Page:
The Artec Eva, a powerful handheld 3D scanner
The landscape of portable 3D scanners is pretty scarce. We wrote a full article on the topic here and listed only a handful of models. Among these 3D scanner brands, the two most established and biggest players in the industry are Creaform (from Canada) and Artec (from Luxembourg).
Artec 3D company is an international group, headquartered in Luxembourg, with subsidiaries in the USA (Palo Alto) and Russia (Moscow). Artec has developed two well-known handheld 3D scanners, the Artec Eva (which we are testing today) and the Artec Spider, available in two versions (Artec Spider at $22,600 and Artec Space Spider at $27,600). The Spiders are the high-end products of the Artec product line, the Eva being the most affordable.
|Max resolution||0.2 mm0.007874 in|
|Weight||0.9 kg1.98 lb|
|Price||$ 19,80013 700 €16,412 £2,668,406 ¥|
The Artec Eva is a professional portable 3D scanner made by Artec 3D, a manufacturer based in Luxembourg.
Read our full review of the Eva for a deeper look at this professional 3D scanner.
In addition to these portable 3D scanners, Artec also offers a 3D body scanning booth and service called Shapify and Shapify Booth.
Back to our test of the day! The Artec Eva is a versatile handheld 3D scanner, capable of 3D scanning a wide range of objects. In our experience, this portable 3D scanner gives the best results for Medium and Large objects (the Artec Spider is generally recommended for smaller size objects with intricate details).
The 3D scanner we tested belongs to a university lab. It was originally an Artec Eva Lite, a lighter version of the Artec Eva without the texture/color scanning option, which was upgraded to an Artec Eva. The software we had, Artec Studio 9, was upgraded into the much more powerful Artec Studio 11 version for this test, thanks to Artec.
Objects used for test 3D scans: a human chest, a human foot, a human face, a shoe, a sheep plush, and a big suitcase.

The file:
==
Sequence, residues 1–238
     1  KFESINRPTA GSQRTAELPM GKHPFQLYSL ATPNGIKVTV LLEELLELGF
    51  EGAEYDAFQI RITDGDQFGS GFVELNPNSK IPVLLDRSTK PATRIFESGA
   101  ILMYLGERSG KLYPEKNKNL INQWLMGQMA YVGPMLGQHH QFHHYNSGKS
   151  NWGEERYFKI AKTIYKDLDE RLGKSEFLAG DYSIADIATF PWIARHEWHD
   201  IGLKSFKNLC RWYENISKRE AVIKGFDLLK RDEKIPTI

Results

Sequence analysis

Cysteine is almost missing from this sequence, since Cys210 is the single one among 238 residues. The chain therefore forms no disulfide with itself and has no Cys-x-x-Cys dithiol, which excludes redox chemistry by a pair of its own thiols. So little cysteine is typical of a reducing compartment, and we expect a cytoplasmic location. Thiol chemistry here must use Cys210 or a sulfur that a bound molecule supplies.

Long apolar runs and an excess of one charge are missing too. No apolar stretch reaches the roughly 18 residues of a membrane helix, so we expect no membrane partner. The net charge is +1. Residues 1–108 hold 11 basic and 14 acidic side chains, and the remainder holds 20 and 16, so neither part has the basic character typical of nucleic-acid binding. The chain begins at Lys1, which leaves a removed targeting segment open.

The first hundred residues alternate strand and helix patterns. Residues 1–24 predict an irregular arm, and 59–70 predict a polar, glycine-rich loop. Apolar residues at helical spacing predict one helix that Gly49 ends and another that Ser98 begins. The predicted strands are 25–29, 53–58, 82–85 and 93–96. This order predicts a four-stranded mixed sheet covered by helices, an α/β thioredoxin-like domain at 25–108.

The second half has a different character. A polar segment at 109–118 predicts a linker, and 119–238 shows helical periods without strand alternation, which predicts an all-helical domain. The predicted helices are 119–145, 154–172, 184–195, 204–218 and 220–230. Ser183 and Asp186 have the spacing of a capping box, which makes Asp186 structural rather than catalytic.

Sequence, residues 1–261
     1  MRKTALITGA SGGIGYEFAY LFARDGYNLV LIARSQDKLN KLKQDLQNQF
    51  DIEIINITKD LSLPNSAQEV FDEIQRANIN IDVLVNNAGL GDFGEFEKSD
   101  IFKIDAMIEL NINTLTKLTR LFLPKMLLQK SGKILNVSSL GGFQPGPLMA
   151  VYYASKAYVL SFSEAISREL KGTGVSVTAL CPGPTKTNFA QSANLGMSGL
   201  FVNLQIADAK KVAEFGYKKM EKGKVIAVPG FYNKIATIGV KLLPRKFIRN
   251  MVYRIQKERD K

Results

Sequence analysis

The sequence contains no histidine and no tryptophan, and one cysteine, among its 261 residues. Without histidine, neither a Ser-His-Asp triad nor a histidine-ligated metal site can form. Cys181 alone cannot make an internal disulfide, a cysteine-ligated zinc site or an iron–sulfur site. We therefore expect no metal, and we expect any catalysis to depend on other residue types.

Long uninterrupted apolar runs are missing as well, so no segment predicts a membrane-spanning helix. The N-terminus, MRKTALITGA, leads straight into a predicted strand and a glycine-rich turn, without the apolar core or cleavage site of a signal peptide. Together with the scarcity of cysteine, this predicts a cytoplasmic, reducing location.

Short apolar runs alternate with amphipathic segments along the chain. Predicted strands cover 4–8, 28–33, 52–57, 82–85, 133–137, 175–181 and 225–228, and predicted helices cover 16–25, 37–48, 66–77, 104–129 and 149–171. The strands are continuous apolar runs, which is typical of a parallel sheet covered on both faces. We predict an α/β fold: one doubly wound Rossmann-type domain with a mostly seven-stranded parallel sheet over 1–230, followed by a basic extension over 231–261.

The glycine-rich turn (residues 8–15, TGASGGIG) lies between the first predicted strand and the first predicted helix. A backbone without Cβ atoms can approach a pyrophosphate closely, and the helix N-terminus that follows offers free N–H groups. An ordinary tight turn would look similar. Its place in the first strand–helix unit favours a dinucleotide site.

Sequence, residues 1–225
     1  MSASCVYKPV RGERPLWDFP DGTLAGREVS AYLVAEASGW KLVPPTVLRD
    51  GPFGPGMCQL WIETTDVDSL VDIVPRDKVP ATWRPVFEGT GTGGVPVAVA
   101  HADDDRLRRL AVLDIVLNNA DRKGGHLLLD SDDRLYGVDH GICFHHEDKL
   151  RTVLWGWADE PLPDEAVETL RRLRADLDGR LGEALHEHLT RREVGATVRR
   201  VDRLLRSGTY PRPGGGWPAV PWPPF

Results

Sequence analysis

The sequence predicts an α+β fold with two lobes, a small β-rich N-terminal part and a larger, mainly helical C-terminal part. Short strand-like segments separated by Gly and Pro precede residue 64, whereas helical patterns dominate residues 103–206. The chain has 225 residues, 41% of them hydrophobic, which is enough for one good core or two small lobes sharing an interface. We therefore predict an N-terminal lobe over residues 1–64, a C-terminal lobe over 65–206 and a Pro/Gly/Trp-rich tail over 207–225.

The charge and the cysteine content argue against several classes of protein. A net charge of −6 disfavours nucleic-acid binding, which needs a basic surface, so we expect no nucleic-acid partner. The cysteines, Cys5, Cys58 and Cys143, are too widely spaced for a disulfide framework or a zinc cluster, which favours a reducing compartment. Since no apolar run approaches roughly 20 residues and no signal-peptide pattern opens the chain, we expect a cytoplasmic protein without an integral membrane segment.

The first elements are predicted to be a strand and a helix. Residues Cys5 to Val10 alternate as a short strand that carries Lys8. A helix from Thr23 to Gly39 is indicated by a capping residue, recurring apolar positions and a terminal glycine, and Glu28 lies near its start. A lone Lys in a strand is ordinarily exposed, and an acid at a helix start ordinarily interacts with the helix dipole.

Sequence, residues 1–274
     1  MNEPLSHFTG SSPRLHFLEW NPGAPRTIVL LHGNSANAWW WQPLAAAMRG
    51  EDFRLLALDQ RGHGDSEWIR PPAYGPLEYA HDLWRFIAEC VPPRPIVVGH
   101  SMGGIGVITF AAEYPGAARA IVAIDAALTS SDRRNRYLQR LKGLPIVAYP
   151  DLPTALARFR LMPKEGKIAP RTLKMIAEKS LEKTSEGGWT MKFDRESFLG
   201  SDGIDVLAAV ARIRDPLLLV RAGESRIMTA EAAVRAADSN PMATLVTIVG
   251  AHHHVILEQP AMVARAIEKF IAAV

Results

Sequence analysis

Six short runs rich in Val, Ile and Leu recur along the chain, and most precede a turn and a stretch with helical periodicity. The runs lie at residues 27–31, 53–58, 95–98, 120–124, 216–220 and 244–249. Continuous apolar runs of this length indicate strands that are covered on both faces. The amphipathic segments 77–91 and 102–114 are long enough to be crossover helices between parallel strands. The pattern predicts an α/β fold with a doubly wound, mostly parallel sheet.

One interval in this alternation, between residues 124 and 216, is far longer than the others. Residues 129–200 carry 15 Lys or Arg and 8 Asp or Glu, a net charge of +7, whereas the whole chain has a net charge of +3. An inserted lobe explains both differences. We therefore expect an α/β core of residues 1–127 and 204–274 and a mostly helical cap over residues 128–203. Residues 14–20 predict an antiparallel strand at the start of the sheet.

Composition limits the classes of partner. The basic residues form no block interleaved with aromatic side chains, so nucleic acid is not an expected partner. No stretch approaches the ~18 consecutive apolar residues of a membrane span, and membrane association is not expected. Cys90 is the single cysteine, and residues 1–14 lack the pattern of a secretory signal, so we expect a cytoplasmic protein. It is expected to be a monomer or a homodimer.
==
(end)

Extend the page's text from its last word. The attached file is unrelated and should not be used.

- Overall performance and 3D scans quality (meshes)
- The user experience of Artec Studio 11 Ultimate
- The user experience of the Artec Eva
- Price: definitely an expensive device, albeit a powerful one
- Connectivity and alimentation cables
Unboxing: a simple cardboard case
The Artec Eva is delivered in a rigid cardboard case, inside the shipping package. Please note that we have our Eva since 2014, so the design of the box has been now updated, as depicted in the picture below.
The rigid cardboard case is enough for storing the 3D scanner but for transporting it around, a rigid case is strongly needed. Artec sells theirs at a $400 price tag. Ouch! For the price tag of the Artec Eva, we think a proper case should be included and we reflected that in the Value section of our review. We bought a rigid case (the Trusco TAC-15) online for $120, which fits perfectly for the Artec Eva.
The documentation we received with the Artec Eva consists of registration and login codes to access the Artec Installation Center and tutorials center. This simple solution requires internet access. Regarding the instructions, we must stress the fact that the support team of Artec was really effective every time we had any question, mostly software-related.
The Artec Eva is delivered with very few accessories. The only things provided in the box are an alimentation cable and a USB cable. Nothing more is needed to operate the 3D scanner.
Note that Artec sells those items for a very expensive price if they are broken or lost (USB cable at $30, Power supply at $140). In option, a battery pack is also available for an additional $850.
Overview and setup
The Artec Eva requires a Windows OS to be operated. The software can be installed directly from the Artec website, simple to access at my.artec3d.com.
With a steady internet connection, it takes only minutes to download Artec Studio in its latest version and install it from the Artec Installation center. The Artec Scanning SDK is simultaneously installed. We encountered a few glitches in the install related to our internet configuration: in our lab, the connections are secured through proxies, and it might cause you some issues if don’t take care of that first.
For this Artice Eva review, Artec provided us with their latest software, Artec Studio 11 Ultimate. As users of Artec Studio 9, we must say that the update to Artec Studio 11 version radically improves the user experience of the Artec Eva. Once the software had been installed and activated (just one additional click required in the Artec Installation Center), we were able to plug our Artec Eva and start the tests.